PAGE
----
NSW Government invests in Aboriginal koala conservation
A $600,000 investment to support an Aboriginal koala habitat conservation project is being delivered as one of the first actions in the NSW Koala Strategy.
Minister for Environment James Griffin said the project with the Gumbaynggirr community applies cultural lessons from traditional owners.
"The traditional custodians of this land intrinsically understand how to care for their Country," Mr Griffin said.
"It makes sense for the NSW Government to be working with Aboriginal communities like Gumbaynggirr to strengthen our existing conservation efforts with their traditional knowledge.
"Aboriginal communities throughout New South Wales have a strong role to play in protecting and conserving the long-term health of koalas and their habitat."
The $600,000 from the NSW Koala Strategy will support the Coffs Harbour and District Local Aboriginal Land Council to integrate traditional ecological knowledge into koala conservation.
The project, known locally as Gumbaynggirr Darruyay Dunggirr Jagun Mangga-Bayilaygam, will support habitat restoration, cultural burning in key koala locations, Aboriginal research projects and the development of cultural training for Aboriginal Rangers.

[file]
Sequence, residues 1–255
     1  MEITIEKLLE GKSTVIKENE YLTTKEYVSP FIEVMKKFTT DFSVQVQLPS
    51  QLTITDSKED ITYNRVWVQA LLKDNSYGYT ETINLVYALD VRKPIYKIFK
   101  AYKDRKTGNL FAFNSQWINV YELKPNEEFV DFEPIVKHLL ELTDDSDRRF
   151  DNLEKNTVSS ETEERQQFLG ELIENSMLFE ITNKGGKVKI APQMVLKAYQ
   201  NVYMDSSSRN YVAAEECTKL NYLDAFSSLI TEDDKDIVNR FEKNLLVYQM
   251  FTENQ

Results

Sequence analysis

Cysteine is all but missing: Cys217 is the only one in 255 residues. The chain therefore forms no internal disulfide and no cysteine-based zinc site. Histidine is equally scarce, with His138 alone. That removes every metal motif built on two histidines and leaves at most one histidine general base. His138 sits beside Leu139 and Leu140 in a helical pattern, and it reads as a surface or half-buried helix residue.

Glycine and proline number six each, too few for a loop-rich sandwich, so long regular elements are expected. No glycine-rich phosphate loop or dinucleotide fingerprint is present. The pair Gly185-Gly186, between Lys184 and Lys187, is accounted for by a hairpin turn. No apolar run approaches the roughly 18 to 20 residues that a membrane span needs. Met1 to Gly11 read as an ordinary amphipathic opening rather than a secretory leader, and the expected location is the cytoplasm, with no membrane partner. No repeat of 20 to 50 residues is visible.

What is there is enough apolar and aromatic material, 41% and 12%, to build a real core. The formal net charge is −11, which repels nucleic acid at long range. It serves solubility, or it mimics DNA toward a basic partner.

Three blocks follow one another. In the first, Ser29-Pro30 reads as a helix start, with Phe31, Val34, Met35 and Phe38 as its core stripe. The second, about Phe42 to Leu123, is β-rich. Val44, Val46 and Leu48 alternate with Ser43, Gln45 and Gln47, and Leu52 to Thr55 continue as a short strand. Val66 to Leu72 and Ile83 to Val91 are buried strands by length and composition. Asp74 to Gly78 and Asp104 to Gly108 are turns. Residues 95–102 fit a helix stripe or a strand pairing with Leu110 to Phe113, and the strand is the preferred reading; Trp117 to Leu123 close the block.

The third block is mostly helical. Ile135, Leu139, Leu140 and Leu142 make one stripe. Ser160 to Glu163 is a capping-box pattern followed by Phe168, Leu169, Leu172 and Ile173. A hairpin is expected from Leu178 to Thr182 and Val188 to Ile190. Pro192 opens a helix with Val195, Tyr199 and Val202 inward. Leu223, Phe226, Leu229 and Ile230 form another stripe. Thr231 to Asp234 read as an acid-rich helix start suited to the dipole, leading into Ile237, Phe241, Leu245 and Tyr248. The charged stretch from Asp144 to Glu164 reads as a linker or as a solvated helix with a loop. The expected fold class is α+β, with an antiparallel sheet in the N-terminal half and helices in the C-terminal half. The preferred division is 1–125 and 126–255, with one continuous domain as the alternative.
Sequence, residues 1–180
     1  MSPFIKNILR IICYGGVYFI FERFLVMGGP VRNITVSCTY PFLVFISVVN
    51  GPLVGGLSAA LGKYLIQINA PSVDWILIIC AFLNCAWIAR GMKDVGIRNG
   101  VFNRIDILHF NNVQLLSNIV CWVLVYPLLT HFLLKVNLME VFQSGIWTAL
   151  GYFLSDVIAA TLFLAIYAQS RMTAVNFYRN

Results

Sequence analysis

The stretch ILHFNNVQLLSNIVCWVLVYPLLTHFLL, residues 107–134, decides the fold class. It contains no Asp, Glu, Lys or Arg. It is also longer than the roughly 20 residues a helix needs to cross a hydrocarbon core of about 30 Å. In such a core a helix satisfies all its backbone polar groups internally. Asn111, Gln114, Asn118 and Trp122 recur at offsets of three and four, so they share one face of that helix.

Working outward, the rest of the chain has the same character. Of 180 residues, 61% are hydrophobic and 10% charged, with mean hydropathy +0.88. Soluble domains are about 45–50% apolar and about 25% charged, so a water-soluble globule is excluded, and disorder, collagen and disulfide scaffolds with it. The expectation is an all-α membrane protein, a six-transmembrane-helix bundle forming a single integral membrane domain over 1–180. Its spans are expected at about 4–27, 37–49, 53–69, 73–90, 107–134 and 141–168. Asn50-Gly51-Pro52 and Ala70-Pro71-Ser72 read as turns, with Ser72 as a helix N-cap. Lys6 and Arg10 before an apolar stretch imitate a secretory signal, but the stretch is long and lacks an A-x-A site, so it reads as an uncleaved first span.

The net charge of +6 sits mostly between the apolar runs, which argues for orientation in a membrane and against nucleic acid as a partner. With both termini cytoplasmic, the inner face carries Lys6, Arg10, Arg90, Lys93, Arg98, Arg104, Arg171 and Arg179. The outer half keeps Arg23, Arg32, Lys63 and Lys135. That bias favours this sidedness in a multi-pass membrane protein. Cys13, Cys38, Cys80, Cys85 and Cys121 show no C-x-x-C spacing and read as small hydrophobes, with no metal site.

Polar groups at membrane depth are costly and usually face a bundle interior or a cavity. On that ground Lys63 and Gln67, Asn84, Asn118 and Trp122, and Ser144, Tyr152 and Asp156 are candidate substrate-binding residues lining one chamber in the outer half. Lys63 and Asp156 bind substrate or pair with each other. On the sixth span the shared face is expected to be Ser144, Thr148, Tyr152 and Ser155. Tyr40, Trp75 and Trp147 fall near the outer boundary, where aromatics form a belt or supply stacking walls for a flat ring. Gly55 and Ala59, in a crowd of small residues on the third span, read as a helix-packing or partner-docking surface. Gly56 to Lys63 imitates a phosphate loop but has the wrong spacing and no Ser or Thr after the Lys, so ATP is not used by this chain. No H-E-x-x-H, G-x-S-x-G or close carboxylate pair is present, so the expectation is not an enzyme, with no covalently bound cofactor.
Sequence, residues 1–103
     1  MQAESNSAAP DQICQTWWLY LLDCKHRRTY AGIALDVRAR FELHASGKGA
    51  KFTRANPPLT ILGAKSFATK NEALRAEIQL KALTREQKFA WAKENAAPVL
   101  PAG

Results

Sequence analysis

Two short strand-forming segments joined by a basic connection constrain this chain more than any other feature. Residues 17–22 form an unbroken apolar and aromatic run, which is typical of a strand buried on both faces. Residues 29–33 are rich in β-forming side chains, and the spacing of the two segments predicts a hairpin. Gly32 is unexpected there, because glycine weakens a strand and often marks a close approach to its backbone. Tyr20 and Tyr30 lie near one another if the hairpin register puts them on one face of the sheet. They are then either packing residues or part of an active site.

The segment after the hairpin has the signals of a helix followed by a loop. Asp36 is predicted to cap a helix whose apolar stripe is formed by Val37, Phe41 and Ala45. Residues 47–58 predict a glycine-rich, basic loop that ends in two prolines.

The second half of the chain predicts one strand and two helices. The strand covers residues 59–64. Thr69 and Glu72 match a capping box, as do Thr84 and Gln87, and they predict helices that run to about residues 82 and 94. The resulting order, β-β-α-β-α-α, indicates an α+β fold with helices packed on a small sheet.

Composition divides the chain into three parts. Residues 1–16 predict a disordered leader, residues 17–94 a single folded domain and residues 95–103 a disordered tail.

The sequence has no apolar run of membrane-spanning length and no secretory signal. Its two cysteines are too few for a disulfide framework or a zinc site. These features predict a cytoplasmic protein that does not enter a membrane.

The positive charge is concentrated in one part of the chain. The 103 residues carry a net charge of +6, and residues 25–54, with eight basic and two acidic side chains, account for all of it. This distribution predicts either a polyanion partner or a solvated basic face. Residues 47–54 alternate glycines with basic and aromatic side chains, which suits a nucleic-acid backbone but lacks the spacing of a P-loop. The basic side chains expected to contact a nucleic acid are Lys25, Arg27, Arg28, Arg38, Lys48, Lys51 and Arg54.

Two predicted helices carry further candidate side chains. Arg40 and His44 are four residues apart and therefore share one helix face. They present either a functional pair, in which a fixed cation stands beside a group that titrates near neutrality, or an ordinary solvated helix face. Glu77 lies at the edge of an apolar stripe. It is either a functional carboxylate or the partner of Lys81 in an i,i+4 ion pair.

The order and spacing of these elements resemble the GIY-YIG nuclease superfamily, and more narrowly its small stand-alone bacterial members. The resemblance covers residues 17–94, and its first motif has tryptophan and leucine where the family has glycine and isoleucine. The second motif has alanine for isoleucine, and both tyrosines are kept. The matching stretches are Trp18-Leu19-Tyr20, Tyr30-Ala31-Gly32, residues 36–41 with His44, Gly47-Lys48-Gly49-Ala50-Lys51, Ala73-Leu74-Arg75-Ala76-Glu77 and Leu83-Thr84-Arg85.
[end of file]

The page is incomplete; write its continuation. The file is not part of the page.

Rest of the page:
Member for Coffs Harbour Gurmesh Singh said the region is home to rich habitat and this funding would help ensure koalas can survive and thrive for generations to come.
"Coffs Harbour is leading the way when it comes to protecting the future of this iconic species and I am proud that we are continuing to support local Aboriginal knowledge in our conservation efforts," Mr Singh said.
"Traditional custodianship of precious habitat here and elsewhere in the state will make a huge contribution to the success of the NSW Koala Strategy."
Coffs Harbour and District Local Aboriginal Land Council CEO Chris Spencer said Indigenous communities hold knowledge that can help inform conservation work.
"As an example of the value this project offers, our first workshop examined the creation story of the Dunggirr Gagu, or Koala Brothers," Mr Spencer said.
"Woven within this story are cultural protocols and lore that can be used to create a framework for ecological management and monitoring processes for koalas and other species that share their habitat."
The $193.3 million NSW Koala Strategy is the largest investment by a government in koala conservation, with more than 30 actions, including habitat conservation, community partnerships, koala health and safety, science and research.
Further information is available at NSW Koala Country.